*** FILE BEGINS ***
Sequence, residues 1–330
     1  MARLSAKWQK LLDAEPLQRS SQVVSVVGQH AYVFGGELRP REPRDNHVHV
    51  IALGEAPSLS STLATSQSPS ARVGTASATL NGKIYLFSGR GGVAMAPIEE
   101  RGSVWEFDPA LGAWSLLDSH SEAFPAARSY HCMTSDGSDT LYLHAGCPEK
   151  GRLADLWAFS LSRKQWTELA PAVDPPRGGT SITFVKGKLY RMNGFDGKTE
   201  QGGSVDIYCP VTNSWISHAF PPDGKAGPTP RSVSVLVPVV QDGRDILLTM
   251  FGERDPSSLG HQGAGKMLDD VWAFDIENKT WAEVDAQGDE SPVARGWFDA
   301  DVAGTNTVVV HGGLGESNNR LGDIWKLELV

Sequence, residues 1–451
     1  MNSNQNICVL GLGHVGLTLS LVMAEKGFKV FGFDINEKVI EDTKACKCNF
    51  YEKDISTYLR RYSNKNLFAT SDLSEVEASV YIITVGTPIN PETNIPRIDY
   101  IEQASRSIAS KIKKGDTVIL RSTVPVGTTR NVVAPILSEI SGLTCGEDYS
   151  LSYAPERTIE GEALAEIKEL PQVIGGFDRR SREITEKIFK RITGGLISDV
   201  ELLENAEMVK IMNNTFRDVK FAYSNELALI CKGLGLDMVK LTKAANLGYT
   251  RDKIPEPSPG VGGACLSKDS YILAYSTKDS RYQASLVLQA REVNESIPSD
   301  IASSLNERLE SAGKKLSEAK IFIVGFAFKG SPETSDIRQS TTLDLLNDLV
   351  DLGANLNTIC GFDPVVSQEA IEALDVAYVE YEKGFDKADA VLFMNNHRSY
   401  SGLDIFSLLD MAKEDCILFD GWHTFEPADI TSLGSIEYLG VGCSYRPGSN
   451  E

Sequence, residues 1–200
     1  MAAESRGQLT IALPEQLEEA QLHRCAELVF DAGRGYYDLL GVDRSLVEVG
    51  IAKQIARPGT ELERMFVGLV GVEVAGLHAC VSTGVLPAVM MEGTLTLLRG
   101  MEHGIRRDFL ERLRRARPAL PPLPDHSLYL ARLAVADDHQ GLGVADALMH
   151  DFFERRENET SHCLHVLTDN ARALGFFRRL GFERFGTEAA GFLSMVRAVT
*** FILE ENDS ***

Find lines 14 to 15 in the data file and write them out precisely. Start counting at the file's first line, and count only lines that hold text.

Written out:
   201  ELLENAEMVK IMNNTFRDVK FAYSNELALI CKGLGLDMVK LTKAANLGYT
   251  RDKIPEPSPG VGGACLSKDS YILAYSTKDS RYQASLVLQA REVNESIPSD